With that in mind, parents should dissuade their children from idolizing sports stars. Admittedly, it won’t work. But we should try. Kids should be encouraged to support teams instead of individuals. When that fails, parents should push for the separation of Game and State. And when that also fails, parents must desperately champion the perceived Good Guys–earnest, good-looking success stories who start charities with names based on puns about the position they play. Players who always say the right thing in press conferences by saying nothing of substance. Players who show us it’s okay to cry–but only when you win a championship or tear your ACL.

Okay, jibes aside, and back to the point: kids are going to emulate athletes. So, for our kids and for ourselves, we must separate the malicious from the ignorant. We must not jump to conclusions based on incomplete news stories or paparazzi output or blinkered headlines. Or else we’ve got to start asking our mailman what he tips at restaurants.

Remembering the joy

After reading Brian Phillips’ brilliant piece on hyperfandom in soccer, I was reluctantly reading the columns and came upon this one: “…Anyway, the only thing worse than hyperpartisanship is overintellectualising a simple game for simple folk [sic].”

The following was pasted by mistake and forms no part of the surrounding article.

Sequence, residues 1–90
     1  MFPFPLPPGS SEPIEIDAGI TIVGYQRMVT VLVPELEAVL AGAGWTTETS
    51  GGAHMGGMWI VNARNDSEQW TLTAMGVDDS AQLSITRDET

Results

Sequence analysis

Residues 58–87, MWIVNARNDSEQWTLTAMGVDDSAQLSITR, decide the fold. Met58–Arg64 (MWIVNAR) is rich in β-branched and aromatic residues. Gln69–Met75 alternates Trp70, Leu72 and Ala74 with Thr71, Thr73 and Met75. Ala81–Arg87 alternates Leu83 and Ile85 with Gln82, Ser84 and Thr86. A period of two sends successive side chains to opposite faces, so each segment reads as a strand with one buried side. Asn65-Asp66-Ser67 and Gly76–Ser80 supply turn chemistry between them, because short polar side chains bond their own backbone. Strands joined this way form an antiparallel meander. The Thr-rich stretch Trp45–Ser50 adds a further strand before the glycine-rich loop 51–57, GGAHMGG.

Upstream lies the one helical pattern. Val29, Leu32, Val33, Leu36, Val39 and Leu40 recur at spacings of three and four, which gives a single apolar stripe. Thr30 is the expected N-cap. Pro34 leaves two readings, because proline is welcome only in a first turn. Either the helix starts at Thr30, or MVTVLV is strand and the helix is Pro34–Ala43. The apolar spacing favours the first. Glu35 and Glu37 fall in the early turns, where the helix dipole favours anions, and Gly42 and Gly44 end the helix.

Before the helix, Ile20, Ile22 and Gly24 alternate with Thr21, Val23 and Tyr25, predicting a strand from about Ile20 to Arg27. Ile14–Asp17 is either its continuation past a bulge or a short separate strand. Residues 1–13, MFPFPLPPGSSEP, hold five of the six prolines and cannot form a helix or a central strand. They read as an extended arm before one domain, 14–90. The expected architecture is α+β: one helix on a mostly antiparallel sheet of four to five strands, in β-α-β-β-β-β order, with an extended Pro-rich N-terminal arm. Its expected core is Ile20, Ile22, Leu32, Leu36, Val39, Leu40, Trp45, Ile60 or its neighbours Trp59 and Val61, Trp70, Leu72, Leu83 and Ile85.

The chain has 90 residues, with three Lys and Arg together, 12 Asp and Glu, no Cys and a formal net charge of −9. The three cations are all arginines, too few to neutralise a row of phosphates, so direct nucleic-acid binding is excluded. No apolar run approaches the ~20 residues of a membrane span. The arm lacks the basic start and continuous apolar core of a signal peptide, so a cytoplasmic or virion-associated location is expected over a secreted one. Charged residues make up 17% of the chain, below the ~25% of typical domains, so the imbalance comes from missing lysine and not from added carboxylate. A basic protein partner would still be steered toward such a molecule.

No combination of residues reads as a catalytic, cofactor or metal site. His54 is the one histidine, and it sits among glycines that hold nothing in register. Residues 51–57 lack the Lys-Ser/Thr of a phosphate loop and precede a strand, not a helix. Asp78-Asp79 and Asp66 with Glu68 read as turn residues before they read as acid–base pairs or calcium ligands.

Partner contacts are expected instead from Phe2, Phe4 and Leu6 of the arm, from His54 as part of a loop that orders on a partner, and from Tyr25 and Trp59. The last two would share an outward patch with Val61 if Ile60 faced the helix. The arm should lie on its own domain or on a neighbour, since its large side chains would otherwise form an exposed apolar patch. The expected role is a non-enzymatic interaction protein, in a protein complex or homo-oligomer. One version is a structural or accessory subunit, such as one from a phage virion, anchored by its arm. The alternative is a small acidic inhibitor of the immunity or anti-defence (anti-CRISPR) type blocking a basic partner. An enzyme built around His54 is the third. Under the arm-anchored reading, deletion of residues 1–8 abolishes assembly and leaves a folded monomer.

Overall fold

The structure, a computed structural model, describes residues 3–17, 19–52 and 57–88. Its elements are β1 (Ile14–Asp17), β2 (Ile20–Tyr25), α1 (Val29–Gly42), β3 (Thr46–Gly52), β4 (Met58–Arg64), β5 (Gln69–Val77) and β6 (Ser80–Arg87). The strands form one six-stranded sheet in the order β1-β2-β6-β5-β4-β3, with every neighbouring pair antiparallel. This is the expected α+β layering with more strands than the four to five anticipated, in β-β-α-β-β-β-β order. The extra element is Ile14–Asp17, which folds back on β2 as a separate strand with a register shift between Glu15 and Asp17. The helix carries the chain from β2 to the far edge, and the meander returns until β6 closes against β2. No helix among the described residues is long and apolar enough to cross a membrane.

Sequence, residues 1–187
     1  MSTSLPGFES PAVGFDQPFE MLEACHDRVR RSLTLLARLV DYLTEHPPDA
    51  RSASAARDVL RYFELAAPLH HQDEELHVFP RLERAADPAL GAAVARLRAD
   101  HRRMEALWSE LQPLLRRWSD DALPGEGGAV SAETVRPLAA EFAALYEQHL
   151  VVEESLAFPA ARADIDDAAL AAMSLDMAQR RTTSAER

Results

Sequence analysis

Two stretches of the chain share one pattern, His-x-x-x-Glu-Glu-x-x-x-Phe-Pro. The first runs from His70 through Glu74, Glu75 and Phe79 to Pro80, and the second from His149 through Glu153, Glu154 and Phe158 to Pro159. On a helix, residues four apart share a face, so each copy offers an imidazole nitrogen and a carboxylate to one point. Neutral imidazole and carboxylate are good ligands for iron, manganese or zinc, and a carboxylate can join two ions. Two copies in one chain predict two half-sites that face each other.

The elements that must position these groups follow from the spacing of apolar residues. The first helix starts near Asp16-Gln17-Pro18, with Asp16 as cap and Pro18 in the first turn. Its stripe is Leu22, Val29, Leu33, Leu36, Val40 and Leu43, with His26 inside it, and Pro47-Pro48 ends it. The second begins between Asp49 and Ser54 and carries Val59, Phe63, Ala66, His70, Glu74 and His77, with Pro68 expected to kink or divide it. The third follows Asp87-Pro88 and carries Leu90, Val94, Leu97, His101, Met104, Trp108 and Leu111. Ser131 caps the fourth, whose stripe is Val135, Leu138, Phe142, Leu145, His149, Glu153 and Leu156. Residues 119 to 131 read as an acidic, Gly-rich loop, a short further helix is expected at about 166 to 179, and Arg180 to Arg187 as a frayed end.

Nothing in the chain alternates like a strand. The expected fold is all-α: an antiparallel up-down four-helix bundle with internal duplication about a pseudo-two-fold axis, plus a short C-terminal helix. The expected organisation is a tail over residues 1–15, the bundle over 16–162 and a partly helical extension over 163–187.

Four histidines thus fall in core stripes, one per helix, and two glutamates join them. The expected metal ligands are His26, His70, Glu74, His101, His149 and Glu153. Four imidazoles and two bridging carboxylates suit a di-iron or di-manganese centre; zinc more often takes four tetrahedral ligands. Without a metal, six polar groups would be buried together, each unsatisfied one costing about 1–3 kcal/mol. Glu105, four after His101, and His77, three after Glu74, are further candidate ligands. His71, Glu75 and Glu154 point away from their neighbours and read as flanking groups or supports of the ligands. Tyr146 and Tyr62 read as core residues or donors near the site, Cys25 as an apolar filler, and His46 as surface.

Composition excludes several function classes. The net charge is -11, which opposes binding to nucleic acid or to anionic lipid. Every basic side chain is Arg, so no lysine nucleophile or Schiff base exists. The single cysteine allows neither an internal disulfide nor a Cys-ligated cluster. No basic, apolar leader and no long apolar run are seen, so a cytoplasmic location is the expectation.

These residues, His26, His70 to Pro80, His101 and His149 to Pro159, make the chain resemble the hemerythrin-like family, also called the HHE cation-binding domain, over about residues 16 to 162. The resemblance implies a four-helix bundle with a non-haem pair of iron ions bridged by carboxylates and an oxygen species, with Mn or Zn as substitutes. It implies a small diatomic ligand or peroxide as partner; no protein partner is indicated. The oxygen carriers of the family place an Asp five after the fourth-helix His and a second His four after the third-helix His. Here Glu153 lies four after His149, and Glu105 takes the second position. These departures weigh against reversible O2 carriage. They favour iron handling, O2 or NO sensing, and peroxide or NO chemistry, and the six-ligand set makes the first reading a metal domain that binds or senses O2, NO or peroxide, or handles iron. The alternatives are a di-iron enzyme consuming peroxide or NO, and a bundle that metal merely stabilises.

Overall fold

It’s true: before the age of the internet, before the age of the Barclays Premier League, soccer was a blue-collar game played without pretense or pomp. Fans went to the same pub at lunchtime on every Saturday to support their local club. Then, win or lose, they went home to their lives. There weren’t ubiquitous replica jerseys, there wasn’t sports talk radio—football was simple. It occurred to me that this argument could probably be transplanted to any sport: are over-analysis, constant blogging and re-tweeting, and four hour NFL pregame shows taking us away from the elemental joy of being a sports fan?

For me, my life as a sports fan began as a child on the couch with my dad: falling asleep in the late innings of Tuesday night Red Sox games was as much a part of my childhood as school or birthdays. This suggests inheritance and reinforcement, nature and nurture—the slow drying of the wet cement of personality.